Shoppers unfazed by cold, rain at  Bernardston’s ‘Tag Sale Extravaganza’

  • Shoppers at Saturday’s Tag Sale Extravaganza at the United Church of Bernardston warmed up with Tom Bergeron’s French fries. Bergeron said he once brought up the idea of fries at a meeting and it stuck with him. “I suggested French fries and 12 years later I’m still doing it,” he said. STAFF PHOTO/CHRIS LARABEE

  • Bob Allen, one of the organizers of Saturday’s Tag Sale Extravaganza in Bernardston, said that despite the dreary weather, a “phenomenal amount of people” showed up. STAFF PHOTO/CHRIS LARABEE

Staff Writer
Published: 5/30/2021 9:06:29 PM

BERNARDSTON — Unseasonably cold weather and a steady stream of rain can’t stop hardy New Englanders from making it to a tag sale.

Despite Saturday’s forecast calling for temperatures in the mid-40s and rain throughout the morning, the United Church of Bernardston’s “Tag Sale Extravaganza” drew what Bob Allen, one of the event’s organizers, called a “phenomenal amount of people.”

The church organized the event in lieu of the town’s annual Gas Engine Show and Flea Market, which was canceled for the second consecutive year due to coronavirus concerns.

Allen, who has been with the church for 20 years, said the event was a nice way to get the community out.

“I’m looking forward to seeing people,” Allen said. “It’s nice to see the amount of people here. I think people are ready to get out.”

The tag sale is a much smaller event than the Gas Engine Show and Flea Market, and only needed a team of 15 to 20 volunteers compared to the more than 100 people that are usually required. Allen said there were “no challenges at all” in setting up the tag sale and that the church is looking ahead to the future.

“Hopefully, next year it’s back to the Gas Engine Show,” Allen said.

Shoppers also had the opportunity to fill and warm themselves up with Bergy’s Famous Homemade French Fries or hot dogs and hamburgers grilled by the Bernardston Veterans Club.

Jason Burbank, who has spent 30 years with the church and has been one of the tag sale’s organizers for the past three years, spent his morning cashing people out and helping others load furniture into their vehicles.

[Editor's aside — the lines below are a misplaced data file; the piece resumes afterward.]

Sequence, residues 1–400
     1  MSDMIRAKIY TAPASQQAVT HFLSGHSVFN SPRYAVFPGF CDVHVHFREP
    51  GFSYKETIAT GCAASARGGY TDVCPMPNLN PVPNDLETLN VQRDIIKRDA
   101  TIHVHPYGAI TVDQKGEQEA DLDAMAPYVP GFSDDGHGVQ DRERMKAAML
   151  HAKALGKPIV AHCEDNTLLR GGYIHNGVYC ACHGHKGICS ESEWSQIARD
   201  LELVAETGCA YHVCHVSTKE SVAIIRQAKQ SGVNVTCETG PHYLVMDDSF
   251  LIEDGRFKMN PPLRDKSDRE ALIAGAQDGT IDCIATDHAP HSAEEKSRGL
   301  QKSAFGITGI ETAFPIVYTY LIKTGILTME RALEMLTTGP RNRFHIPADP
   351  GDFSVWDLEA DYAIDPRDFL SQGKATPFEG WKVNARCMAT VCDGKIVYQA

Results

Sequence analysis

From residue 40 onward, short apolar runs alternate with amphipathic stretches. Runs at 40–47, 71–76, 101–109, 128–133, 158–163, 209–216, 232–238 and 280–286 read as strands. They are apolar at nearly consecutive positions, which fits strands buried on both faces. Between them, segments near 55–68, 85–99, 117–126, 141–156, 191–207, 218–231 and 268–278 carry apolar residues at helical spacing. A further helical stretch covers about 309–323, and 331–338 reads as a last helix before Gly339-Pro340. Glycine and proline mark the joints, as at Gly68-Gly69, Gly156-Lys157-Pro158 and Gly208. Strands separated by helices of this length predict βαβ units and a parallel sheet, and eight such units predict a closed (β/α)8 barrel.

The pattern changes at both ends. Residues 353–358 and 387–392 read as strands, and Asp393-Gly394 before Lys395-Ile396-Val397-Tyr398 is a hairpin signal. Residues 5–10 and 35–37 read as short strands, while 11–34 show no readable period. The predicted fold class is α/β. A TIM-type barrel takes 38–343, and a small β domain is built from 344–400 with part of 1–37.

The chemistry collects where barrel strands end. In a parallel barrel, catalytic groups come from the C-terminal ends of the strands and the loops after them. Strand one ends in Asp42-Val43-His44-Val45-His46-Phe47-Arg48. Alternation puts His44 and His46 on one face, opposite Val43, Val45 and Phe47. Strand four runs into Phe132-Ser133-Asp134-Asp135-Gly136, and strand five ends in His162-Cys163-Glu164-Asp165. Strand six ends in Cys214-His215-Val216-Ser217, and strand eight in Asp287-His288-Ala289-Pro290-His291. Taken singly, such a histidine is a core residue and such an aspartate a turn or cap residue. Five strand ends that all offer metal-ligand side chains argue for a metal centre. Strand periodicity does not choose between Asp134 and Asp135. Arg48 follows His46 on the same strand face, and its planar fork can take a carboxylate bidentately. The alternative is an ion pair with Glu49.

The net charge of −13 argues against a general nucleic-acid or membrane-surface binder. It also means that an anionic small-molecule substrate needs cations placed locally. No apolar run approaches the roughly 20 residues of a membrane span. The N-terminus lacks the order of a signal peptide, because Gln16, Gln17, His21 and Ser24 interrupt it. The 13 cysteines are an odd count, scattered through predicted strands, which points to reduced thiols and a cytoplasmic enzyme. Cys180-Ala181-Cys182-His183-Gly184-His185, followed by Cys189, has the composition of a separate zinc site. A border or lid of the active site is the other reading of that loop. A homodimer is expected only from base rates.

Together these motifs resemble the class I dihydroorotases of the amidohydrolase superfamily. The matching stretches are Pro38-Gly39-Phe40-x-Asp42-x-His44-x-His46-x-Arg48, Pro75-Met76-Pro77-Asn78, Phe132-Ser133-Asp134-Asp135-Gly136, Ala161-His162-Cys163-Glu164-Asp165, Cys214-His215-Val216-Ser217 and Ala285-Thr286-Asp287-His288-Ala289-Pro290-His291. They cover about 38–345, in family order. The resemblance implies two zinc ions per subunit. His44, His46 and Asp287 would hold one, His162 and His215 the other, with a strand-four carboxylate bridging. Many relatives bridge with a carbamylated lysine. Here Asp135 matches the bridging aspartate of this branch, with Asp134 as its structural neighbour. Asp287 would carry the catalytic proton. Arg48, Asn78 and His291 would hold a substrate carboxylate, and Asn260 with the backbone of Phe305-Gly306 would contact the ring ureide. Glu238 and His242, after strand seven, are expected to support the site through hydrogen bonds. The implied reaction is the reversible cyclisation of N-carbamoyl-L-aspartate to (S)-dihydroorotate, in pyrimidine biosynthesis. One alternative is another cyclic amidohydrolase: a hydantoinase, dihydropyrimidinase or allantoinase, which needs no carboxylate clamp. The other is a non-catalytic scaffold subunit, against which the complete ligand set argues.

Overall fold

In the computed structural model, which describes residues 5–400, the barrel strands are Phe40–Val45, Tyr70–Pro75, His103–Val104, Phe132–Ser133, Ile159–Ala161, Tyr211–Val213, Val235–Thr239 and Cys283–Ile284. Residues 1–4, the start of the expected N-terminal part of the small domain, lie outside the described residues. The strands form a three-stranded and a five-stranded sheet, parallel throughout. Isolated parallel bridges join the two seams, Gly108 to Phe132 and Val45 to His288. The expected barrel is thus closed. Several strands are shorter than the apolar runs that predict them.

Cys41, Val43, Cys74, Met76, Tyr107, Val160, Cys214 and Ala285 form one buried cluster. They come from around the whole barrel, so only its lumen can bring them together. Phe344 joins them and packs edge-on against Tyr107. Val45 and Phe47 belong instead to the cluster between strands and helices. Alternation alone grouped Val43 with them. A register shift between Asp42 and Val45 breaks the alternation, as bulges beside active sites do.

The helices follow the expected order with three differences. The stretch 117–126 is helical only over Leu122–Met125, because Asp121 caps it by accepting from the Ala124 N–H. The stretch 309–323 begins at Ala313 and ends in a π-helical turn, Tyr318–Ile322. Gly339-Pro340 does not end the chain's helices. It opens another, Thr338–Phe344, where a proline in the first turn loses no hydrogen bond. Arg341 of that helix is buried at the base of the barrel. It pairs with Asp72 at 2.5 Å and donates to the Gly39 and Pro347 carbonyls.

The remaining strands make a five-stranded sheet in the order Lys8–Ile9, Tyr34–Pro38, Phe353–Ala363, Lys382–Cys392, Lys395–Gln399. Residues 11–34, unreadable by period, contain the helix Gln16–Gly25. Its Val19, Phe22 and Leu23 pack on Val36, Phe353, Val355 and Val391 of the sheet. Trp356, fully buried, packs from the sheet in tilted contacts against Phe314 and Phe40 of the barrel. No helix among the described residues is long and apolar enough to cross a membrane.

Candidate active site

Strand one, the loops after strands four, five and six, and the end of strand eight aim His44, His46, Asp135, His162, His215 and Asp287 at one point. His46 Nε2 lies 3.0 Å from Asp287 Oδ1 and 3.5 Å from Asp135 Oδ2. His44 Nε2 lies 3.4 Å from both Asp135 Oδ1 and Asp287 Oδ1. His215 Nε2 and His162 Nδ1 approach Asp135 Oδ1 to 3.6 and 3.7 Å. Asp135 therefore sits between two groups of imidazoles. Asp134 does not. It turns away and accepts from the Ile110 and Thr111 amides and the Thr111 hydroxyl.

Burbank said the attendance of a tag sale in the fall and this year’s rain-soaked event has been surprising.

“We were totally flabbergasted that, mid-pandemic, people came out,” Burbank said. “Once again, this year with the weather, I’m amazed and delighted.”

Debbie Delabruere, who lives in Bernardston, has not missed the Gas Engine Show and Flea Market since she moved to town 14 years ago, a move she said was inspired by her experience at the show.

“After the Gas Engine Show, I realized how much I loved Bernardston,” she said, “and I bought a house here.”

Delabruere said the show was something that her children loved and she is glad the church decided to still have the tag sale portion of the event so people can come together after a tough year.

“It’s so good to see them continuing something so it doesn’t disappear,” Delabruere said after paying for her bagful of items. “It feels really good coming out of hibernation.”

Nancy and Len Foisy, of Savoy, traveled to the tag sale despite never having been to the show because they needed to get out of the house.

“We’ve got to do something,” Nancy Foisy said. “It’s nice to see the people. We’d just like to see the sun.”

The couple said it had been a long year because of COVID-19 restrictions, and seeing other people in public was a great experience.

“You just want to hug everyone,” Nancy Foisy said before her husband quickly chimed in with, “No, I don’t.”

Northfield resident Mark Trumbull said he’s been going to the Gas Engine Show and Flea Market for years. During its COVID-19-related cancellations, Trumbull said he missed the event because “it brings people together.”

He said the tag sale was great to go to because it shows people are beginning to become comfortable with attending gatherings again.

“It’s nice to see people together and talk to them,” Trumbull said. “People are starting to come out again.”

Chris Larabee can reached at or at 413-930-4081.

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